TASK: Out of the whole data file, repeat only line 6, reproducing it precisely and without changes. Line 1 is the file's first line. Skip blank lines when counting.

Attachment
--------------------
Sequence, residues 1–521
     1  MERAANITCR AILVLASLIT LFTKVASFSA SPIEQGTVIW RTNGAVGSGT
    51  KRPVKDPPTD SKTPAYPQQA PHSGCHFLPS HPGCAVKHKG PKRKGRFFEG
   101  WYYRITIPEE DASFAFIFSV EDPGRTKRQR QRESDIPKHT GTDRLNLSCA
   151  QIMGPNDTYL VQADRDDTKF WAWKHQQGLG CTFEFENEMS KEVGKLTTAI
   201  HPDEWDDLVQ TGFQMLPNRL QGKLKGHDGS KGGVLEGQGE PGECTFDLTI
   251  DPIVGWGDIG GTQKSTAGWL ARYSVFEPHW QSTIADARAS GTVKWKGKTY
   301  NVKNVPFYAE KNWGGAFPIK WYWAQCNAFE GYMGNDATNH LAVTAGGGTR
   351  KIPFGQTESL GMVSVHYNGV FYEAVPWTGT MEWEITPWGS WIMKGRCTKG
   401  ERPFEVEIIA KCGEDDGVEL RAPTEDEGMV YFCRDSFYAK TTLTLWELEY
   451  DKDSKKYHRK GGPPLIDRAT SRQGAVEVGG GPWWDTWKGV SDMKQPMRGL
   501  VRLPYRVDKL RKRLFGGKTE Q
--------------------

   201  HPDEWDDLVQ TGFQMLPNRL QGKLKGHDGS KGGVLEGQGE PGECTFDLTI